By Manon Couturier. Cake. Published at Friday, September 20th, 2019 - 10:09:54 AM.
What do I do about a cake cutter? Traditionally, couples pulled out a fancy cake cutter (like Excalibur or something) to make the ceremonial first cut of the wedding cake. The cake cutter then became another memento from the big day. If budget is an issue, we suggest you add a cake cutter to your gift registry as an item a guest might provide for you. Alternatively, bear in mind that the reception halls almost always have a decorative cake cutter you use for your cake cutting. That prevents you from having to buy your own.
The wedding cake is often proudly and strategically placed during the wedding reception. Often towering way up into the heavens, it can compete with the bride as the ”center of attention” on her big day. This delicious work of art establishes a focal point that the other aspects of the reception can revolve around. For those who prefer a flare for the dramatic, the wedding cake can be wheeled into the room at the end of the reception, providing a ”grand entrance” for everyone to see. To many people this grand entrance will perhaps trigger memories of the bride who walked down the aisle earlier in the day.
Surf Cakes – Crashing waves encircling the cake is the perfect trim for a cake with a surf theme. This style cake is most appropriate for couples who surf, or just love the waves. The surf can be puffy foaming waves, or just subtle hints of wave shaped frosting. Incorporating some blue into the cake can help it look more like the ocean. Airbrushing blue onto cake’s frosting, gives a real nice blended, and realistic effect. Add in a surf boards or figurines surfing as your cake topper, and you’re set.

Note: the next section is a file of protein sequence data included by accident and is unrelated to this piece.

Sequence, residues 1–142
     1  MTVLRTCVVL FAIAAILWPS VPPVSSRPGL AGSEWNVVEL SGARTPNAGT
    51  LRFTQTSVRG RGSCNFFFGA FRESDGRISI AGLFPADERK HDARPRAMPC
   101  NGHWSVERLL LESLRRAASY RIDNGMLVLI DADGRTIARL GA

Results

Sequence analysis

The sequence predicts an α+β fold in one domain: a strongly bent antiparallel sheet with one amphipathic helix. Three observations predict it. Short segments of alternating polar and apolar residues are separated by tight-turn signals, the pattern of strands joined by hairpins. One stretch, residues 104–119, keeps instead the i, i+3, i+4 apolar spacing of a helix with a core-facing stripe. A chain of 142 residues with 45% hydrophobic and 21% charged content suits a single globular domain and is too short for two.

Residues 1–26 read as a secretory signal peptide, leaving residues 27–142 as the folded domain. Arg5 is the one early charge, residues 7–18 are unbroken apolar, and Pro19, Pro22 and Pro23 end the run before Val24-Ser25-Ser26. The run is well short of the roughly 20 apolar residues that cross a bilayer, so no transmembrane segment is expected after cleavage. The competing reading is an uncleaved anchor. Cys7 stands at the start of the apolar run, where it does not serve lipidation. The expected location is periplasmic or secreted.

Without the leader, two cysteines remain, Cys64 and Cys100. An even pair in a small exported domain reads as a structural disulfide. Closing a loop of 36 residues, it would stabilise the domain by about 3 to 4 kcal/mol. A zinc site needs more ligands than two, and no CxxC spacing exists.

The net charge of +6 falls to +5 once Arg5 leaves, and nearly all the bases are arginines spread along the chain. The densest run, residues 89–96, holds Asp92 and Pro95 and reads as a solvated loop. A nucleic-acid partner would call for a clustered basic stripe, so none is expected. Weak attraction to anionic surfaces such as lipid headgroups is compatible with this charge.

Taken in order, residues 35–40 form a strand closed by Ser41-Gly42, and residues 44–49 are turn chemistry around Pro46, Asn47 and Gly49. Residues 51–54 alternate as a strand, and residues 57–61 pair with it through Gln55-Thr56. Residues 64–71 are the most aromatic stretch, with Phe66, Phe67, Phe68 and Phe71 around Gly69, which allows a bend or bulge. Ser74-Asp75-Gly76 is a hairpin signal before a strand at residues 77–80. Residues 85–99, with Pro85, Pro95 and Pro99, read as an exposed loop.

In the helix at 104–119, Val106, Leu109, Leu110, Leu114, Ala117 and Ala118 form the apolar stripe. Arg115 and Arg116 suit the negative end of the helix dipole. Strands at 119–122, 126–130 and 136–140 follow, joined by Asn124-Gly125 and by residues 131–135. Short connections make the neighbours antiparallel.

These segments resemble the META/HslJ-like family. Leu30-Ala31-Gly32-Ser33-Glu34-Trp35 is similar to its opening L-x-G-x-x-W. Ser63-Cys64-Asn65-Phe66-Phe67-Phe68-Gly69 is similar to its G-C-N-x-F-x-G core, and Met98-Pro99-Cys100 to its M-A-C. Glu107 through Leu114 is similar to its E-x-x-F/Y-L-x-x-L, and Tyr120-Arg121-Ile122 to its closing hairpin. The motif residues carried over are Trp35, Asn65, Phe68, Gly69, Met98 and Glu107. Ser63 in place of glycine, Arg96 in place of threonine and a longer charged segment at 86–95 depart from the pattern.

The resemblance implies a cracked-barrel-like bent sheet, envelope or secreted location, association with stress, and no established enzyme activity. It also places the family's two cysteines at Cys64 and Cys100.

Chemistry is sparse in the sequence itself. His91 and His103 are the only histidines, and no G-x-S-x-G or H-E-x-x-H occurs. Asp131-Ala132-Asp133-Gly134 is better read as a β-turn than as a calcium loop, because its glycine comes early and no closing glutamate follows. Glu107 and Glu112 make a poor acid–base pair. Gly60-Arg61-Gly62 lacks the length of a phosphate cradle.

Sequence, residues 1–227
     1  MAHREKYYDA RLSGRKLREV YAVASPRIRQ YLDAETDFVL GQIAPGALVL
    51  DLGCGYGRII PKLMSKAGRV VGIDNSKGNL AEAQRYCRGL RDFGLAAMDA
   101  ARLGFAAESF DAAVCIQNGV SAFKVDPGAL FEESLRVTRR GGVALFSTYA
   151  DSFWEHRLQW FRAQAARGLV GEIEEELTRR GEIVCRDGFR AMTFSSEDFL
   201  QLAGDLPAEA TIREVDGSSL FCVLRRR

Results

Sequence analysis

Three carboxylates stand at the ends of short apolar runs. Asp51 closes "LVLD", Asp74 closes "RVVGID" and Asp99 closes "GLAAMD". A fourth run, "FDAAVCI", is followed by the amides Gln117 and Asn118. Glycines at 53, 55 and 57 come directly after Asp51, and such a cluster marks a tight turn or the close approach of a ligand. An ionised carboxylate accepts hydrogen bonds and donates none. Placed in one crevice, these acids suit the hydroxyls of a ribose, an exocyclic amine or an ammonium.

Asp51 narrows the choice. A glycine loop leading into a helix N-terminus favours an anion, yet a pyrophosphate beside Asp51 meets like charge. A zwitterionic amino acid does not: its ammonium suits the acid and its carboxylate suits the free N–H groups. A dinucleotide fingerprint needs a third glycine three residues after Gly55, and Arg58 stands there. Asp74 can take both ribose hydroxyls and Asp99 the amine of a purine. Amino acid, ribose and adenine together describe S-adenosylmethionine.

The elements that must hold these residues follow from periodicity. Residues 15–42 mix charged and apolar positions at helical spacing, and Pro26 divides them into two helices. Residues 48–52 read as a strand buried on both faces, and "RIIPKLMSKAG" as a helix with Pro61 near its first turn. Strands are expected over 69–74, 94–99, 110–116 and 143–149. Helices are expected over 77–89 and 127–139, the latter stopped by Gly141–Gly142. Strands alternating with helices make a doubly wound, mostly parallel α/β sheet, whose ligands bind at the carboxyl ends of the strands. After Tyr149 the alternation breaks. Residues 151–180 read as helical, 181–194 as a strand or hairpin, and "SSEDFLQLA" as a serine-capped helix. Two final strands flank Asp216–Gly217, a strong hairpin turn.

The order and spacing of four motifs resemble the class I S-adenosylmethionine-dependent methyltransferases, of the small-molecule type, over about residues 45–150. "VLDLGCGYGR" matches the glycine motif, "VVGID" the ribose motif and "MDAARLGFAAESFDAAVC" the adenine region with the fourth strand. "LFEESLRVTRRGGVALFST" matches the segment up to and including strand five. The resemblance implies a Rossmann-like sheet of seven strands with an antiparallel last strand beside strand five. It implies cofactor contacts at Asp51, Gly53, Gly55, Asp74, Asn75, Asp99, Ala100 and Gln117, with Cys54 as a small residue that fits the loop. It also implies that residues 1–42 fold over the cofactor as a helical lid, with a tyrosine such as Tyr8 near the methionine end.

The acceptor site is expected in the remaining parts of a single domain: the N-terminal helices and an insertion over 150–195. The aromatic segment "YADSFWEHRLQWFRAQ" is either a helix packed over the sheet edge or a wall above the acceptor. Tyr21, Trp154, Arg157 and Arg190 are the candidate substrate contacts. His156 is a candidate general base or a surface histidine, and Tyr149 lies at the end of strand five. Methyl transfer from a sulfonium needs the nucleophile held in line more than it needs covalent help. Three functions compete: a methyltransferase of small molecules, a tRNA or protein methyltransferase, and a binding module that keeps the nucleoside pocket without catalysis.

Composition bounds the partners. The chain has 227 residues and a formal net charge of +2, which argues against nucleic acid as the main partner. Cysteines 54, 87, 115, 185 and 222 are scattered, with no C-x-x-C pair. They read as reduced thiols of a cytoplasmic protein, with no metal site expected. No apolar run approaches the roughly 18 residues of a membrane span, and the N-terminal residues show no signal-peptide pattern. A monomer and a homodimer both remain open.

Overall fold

Okay, by now, you know, I do research on trivial/little known traditions, so let me tell you why, supposedly we are to keep the top of the cake for a year and then eat it with your spouse on your one year anniversary. You know I had to know. One, because it seems so random. Two, our cake did not make it through the first six months (My husband had never heard of that tradition and thought that I’d forgotten that we had cake in the freezer. Ate, some of it and then called to remind me that we had cake. Do I hear a collective intake of shocked breath?) The tradition comes from the 19th century [There were a lot of things pertaining to cakes happening during that century. I wonder if Queen Victoria of the United Kingdom loved cake. Yum.] Anyway, during the 19th century, it was usual and expected that the bride and groom would invariably have a child 9 months or so after their marriage, so the top layer of the cake was saved to have at the Christening. This was before refrigeration, so where were they keeping it? For nine months and was it still any good? Boggles the mind doesn’t it? Maybe they were filled with liquor to keep or fermented or fermenting fruit?
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